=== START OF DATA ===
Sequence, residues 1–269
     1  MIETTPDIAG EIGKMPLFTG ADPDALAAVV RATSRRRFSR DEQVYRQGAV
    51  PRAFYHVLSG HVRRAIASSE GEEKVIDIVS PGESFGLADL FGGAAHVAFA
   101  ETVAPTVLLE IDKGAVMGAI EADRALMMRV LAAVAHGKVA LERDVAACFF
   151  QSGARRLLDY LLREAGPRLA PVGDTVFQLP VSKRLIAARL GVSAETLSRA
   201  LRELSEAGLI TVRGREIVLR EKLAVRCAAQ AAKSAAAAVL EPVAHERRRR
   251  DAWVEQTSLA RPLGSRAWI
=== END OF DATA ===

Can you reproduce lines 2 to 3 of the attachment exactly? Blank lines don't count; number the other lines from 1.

     1  MIETTPDIAG EIGKMPLFTG ADPDALAAVV RATSRRRFSR DEQVYRQGAV
    51  PRAFYHVLSG HVRRAIASSE GEEKVIDIVS PGESFGLADL FGGAAHVAFA